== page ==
In recent years, I've heard quite a bit about the "sneakier" side of cooking and baking. The ways in which chefs add and substitute seemingly odd ingredients into beloved dishes to make them healthier. Sure, you might know applesauce to be a second-rate stand-in for part of the oil in baked goods. And that grated carrots and zucchini make one helluva moist muffin. But what about pureed spinach in chocolate cake? Or butternut squash in macaroni and cheese? The additions may sound strange and unappetizing, but sneaking produce into platefuls adds vitamins, minerals, fiber, moisture, and in many cases, lowers the amount of fat.
Here's the catch: the additions must go undetected by the taster. Sure, the apparent strands of carrot in carrot cake are welcomed and pleasant. But when you get into blending cauliflower puree into your corn muffins, let's hope your taste buds don't know. And if your goal in adding fruits and vegetables into your baked goods is to get your kids to eat more healthily, let's both cross our fingers that they aren't privy to the black beans in the brownies.
Black beans in the what?!? I know what you're thinking: beans should stay where they belong- in burritos, chili, and alongside savory fare. Until yesterday, I would have agreed with you. But after fiddling with a few recipes, and popping pans in and out of my Easy Bake Oven, I've realized that beans, when dressed in the proper garb, can go undercover with the best of CIA agents. Even in brownie territory.
Let's think of this recipe as my foray into covert ops. After pulling the pan of chocolate fudge out of my oven yesterday afternoon, I set them atop a wire rack in my kitchen to cool. Noses were alerted. My boyfriend was beside the 13x9 in 47 seconds.
I decided not to tell him about the black beans as he bit into the first, still-hot-from-the-oven brownie. I didn't even smile coyly as he cut himself a second fudgy square. But on the third I couldn't help myself. Pun intended, I spilled the beans. And after a bit of explanation that I wasn't trying to kill him...per se, he warmed to the idea. And by warmed I mean- didn't spit the chocolate onto my just-cleaned hardwood floor. Rather, he quite liked them.
Truth is, they don't taste of black beans. The traditional pasty texture of beans disappears in the chocolate fudge, leaving behind only moisture and a pleasantly rich density. These brownies are thinner and much less cakey than your standard style. In fact, they barely rise. But they're quite scrumptious- sweet, ultra-moist, and fudge-like. A surprising satisfaction crossed my mind as I lifted my second out of the foil-lined pan. I smiled knowing that on top of the taste and texture, I had built a brownie that was lower in fat, higher in fiber, and richer with nutrients. Mmmm.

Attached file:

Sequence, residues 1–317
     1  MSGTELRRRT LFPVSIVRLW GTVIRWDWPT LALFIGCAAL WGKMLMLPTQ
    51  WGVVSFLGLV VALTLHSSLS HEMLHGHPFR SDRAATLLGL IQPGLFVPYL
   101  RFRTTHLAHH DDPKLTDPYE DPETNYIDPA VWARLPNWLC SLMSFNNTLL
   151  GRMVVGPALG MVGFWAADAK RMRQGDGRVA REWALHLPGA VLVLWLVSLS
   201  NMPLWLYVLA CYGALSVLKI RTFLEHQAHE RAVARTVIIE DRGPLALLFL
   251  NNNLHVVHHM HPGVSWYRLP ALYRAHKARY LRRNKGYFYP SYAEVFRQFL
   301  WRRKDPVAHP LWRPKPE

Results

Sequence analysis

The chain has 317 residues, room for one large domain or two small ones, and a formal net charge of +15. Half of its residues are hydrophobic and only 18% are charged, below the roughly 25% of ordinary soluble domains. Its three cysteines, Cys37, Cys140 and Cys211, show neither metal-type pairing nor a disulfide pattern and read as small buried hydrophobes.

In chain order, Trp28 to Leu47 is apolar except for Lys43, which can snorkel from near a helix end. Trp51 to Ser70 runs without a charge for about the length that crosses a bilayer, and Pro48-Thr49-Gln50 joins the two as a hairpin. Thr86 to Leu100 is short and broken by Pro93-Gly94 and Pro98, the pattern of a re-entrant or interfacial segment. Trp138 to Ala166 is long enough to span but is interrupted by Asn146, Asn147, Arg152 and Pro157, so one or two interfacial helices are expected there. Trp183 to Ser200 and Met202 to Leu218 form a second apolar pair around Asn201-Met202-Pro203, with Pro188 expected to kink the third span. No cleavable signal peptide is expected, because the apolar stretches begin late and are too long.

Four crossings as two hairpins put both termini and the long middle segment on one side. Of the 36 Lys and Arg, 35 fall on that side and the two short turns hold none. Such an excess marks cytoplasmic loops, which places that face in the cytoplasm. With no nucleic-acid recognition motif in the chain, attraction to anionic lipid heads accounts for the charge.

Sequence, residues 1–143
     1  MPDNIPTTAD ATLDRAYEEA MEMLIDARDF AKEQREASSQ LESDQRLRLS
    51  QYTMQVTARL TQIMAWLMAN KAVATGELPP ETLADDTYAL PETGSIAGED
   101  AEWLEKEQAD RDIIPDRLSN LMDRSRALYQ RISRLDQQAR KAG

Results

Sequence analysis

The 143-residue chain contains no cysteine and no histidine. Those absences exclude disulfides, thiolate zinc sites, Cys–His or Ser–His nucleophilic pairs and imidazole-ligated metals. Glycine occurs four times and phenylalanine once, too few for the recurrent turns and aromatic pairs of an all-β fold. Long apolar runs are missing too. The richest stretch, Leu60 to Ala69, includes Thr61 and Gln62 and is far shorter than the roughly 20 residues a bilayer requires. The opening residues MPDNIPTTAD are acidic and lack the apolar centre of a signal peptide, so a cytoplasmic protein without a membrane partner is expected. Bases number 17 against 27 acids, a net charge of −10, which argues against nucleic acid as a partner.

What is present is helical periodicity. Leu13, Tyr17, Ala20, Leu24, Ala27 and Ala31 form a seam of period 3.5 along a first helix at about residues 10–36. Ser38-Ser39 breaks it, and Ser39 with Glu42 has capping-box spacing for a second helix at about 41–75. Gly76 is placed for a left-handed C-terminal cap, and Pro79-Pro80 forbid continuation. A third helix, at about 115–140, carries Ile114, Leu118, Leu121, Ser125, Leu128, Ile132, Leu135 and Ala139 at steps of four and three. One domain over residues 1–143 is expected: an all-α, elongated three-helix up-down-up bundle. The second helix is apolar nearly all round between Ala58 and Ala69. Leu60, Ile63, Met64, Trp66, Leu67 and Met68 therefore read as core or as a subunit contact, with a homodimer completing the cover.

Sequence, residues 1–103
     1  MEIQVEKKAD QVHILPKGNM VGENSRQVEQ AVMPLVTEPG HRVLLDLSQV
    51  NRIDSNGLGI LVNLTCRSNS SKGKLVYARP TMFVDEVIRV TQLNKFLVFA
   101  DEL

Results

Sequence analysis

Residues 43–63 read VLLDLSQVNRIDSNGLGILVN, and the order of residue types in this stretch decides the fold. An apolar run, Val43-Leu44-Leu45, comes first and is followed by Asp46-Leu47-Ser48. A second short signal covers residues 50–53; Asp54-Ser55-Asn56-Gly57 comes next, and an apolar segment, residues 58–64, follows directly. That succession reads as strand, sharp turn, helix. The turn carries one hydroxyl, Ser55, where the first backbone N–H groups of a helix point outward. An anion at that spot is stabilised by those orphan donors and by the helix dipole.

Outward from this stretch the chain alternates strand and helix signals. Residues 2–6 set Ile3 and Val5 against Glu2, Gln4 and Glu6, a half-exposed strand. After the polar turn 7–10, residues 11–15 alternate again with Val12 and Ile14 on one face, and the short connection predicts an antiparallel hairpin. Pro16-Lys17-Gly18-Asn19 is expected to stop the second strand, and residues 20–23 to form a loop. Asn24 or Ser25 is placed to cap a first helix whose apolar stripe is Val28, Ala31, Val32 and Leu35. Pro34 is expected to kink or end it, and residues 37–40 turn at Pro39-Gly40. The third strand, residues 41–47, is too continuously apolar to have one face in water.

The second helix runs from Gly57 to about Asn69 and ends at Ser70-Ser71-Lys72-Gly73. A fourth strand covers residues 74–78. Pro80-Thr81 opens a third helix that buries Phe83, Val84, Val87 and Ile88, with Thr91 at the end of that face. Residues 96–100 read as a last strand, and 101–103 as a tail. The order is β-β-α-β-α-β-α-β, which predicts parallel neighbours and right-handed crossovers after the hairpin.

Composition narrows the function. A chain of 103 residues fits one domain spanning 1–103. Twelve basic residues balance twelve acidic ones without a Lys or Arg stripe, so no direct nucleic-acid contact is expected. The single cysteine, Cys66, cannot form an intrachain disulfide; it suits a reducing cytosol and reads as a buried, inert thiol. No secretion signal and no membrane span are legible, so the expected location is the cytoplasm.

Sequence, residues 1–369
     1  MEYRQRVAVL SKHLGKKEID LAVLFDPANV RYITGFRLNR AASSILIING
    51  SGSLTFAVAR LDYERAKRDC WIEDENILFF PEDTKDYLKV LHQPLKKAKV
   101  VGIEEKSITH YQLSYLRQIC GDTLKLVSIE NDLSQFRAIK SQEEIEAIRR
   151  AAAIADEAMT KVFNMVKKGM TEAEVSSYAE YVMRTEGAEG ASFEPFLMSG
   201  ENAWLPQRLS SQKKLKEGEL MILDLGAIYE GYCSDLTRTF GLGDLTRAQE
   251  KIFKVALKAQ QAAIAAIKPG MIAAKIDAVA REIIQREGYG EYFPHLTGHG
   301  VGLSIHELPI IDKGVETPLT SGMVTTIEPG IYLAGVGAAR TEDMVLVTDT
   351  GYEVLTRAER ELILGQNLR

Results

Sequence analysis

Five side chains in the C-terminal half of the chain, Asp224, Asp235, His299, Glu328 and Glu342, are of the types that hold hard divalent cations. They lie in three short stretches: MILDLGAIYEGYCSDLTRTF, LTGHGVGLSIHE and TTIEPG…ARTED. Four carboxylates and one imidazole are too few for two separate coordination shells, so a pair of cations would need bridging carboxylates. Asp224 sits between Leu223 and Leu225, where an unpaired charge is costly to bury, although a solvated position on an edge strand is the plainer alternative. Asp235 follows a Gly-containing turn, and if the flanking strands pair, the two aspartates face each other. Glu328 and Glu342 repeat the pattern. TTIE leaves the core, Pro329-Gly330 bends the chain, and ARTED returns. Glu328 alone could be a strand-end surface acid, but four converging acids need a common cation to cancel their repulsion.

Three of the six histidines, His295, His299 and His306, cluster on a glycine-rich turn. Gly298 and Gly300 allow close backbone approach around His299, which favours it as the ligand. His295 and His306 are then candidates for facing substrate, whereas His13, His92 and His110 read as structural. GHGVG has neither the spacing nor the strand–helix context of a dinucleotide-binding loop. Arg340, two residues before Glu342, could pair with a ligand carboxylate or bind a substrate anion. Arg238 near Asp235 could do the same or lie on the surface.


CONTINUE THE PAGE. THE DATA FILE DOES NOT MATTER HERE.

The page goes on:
The only problem? Convincing myself that healthier chocolate brownies don't count as breakfast.
Black Bean Brownies (recipe adapted from Melissa D'Arabian, Food Network chef)
- 1 15 oz can black beans, rinsed and rained
- 2 TBS canola oil
- 1/4 cup applesauce
- 2 eggs
- 1 egg yolk
- 3/4 cup sugar
- 3 TBS unsweetened cocoa
- 1 1/2 TBS instant espresso powder
- 3 oz semi-sweet chocolate, chopped
- 2 TBS unsalted butter
- 1 tsp vanilla extract
- 1/2 tsp salt
- 1/2 cup all-purpose flour
- 1/2 cup walnuts, chopped
Preheat oven to 350° F. Mix beans, oil, applesauce, eggs, egg yolk, sugar, cocoa powder, and espresso powder in your food processor. Pulse for 1 minute, or until smooth.
Place your chopped chocolate and butter in a small bowl and microwave for 1 minute, stirring halfway. Stir until the mixture is smooth. Set aside to cool for a few minutes.
Add chocolate/butter mixture, vanilla extract, and salt to the food processor; pulse to blend. Pour batter into a large bowl and stir in the flour.
Spread batter into a foil-lined 8x8" baking pan coated with nonstick cooking spray. Smooth the top and sprinkle evenly with the walnuts (if using).
Bake for 25 to 30 minutes, or until a toothpick inserted into the center comes out clean. Let the brownies cool in the pan on a wire rack for 15 minutes. Cut into squares and serve!
-Andrea Mitchell, Foodista staff and blogger at CanYouStayForDinner.com
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